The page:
I get a twisted kind of pleasure when good arguments cause me to reconsider my long-held beliefs. The recent book by Clayton Christensen, “How Will You Measure Your Life?” (HarperCollins, 2012), spurred such a transformation.
Based on a speech he gave to Harvard Business School’s graduating class in 2010, Christensen’s book observes that although many business people seem to be wildly successful, their lives do not appear to bring them happiness. This truth reminds me of one of my favorite one-liners, attributed to Confucius: “Choose a job that you love and you’ll never work a day in your life.”
Christensen’s book did not give me pause until I reached the chapter on motivation and incentives. He cites an influential study from the 1970s about incentive theory, the idea that people work in accordance with how you pay them. The authors of the study, Professors William Meckling and Michael Jensen, asked why managers don’t always act in the best interest of shareholders. They concluded that the solution to this contradiction was to “create financial incentives that are aligned with the behavior you seek.” Their solution seems so intuitive that many companies have used this reasoning to issue awards ostensibly designed to make shareholders and executives happy.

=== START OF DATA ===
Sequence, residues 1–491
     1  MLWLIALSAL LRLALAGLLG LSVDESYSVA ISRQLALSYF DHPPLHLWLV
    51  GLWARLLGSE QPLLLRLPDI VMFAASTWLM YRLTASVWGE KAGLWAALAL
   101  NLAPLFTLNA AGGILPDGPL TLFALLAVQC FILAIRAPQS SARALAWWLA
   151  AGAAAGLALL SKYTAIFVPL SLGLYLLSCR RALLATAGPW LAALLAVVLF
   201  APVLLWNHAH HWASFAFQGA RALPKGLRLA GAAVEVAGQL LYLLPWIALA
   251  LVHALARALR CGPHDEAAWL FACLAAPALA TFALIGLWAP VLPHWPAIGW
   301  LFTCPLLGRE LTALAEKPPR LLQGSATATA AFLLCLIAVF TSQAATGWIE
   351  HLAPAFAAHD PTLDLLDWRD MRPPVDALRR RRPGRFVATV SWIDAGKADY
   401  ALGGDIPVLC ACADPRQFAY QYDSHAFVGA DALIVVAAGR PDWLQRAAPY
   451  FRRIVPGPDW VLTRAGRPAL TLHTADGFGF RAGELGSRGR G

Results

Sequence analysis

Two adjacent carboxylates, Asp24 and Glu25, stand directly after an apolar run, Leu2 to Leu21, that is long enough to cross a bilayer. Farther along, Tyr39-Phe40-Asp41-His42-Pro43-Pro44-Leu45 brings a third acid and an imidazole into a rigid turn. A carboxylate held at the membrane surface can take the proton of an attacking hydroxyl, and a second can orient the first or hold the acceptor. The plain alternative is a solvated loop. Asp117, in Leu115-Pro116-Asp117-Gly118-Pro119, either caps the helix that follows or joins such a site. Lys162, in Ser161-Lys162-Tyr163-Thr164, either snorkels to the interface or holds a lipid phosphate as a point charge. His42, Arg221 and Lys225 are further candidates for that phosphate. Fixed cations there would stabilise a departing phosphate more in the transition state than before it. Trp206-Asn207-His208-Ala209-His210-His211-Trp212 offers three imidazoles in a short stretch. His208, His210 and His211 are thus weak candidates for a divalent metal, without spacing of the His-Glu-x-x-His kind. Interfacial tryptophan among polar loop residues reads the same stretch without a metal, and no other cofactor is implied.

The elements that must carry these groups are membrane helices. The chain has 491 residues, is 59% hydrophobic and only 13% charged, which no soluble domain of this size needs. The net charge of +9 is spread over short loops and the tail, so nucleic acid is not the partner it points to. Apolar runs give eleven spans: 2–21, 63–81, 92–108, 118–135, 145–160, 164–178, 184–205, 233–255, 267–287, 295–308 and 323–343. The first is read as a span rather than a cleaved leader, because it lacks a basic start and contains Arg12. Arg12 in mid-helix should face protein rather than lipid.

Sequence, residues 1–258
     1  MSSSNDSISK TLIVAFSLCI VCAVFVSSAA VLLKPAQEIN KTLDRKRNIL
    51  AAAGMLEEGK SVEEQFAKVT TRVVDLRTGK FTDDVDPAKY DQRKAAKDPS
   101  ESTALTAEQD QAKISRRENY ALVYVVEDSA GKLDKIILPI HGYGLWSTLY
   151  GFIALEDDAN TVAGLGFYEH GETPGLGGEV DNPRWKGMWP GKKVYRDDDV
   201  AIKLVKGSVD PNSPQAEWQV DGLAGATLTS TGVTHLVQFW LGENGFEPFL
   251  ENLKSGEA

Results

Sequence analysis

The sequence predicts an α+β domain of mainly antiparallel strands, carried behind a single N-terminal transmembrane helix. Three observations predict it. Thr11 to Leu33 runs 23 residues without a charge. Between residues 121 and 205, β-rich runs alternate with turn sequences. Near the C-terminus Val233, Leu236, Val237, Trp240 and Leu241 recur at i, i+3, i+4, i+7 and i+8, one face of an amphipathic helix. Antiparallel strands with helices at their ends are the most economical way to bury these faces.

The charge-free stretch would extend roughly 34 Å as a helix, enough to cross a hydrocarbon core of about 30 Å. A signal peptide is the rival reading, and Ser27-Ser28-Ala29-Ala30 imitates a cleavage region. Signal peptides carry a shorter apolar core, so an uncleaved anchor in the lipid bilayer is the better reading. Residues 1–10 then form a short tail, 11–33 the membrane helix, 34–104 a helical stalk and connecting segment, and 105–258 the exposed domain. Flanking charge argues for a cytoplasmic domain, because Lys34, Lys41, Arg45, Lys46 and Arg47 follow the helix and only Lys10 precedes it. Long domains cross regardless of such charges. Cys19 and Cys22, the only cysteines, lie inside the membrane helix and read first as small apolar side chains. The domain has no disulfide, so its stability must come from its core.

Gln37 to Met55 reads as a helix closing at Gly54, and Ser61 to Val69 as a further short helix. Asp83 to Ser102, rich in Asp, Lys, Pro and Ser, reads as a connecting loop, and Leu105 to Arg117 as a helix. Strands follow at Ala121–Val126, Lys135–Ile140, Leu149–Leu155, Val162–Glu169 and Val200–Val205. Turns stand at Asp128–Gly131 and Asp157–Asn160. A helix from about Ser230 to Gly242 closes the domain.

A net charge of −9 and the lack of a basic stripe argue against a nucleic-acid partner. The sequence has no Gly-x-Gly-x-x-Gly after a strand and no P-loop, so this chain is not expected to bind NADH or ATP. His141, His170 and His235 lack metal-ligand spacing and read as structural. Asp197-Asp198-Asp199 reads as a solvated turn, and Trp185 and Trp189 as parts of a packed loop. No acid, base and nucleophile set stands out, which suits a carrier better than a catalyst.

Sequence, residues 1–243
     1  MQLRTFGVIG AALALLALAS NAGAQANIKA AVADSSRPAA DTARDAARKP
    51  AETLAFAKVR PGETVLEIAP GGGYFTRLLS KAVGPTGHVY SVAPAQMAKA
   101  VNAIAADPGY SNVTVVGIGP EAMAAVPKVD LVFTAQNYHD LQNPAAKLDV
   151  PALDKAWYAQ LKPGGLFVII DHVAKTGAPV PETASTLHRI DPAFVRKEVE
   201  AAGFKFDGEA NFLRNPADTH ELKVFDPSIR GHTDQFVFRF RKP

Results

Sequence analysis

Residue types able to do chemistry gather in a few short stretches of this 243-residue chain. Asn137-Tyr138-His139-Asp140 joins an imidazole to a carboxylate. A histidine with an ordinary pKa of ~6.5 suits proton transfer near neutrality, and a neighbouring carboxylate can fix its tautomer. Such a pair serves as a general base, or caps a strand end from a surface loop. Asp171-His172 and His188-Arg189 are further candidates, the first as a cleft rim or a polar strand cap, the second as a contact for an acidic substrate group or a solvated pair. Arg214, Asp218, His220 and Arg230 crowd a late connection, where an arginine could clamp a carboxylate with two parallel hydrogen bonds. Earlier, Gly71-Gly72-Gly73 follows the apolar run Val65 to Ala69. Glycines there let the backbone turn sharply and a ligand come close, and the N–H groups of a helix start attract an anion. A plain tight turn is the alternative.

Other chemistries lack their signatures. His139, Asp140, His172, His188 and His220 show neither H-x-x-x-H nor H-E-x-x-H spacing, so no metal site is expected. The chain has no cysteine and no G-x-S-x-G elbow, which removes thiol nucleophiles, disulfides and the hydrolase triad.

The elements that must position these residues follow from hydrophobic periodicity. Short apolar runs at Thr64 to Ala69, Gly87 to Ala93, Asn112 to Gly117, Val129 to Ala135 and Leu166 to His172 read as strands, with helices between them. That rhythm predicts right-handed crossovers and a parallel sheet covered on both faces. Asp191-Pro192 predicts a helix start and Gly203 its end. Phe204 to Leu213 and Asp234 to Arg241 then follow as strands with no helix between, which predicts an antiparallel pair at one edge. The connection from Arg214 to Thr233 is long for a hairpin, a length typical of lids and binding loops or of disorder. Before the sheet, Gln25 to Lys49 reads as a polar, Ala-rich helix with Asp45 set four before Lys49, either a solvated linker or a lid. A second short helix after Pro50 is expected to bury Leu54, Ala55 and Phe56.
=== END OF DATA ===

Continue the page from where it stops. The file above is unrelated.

According to Christensen, Meckling and Jensen’s theory on incentives has been widely applied to all types of businesses, including financial services firms. The incentive theory says that when you want to convince others to do one thing over another, you just need to pay them in order to “motivate them.” However, many of the companies that have utilized this strategy, including Bear Stearns and Lehman Brothers, no longer exist.
Christensen holds a contrary view to Meckling and Jensen. He notes that some of the hardest working people are employed by nonprofits and charitable organizations. Despite working in challenging and uncomfortable environments, such as war zones and areas devastated by drought, disease and natural disasters, you almost never hear complaints about motivating people who work for these organizations. Christensen gives other examples of modestly compensated jobs that attract people who are driven to excel: teachers, social workers, military personnel and clergy (though the latter may be banking on the ultimate reward).
He argues that hiring motivated people, matching them to the right jobs and eliminating distractions will produce the desired outcome regardless of whether you pay them more for their results. He also states that compensation itself can be one of those distractions if it is not competitive, fairly distributed and well designed. But money is not necessarily a motivator.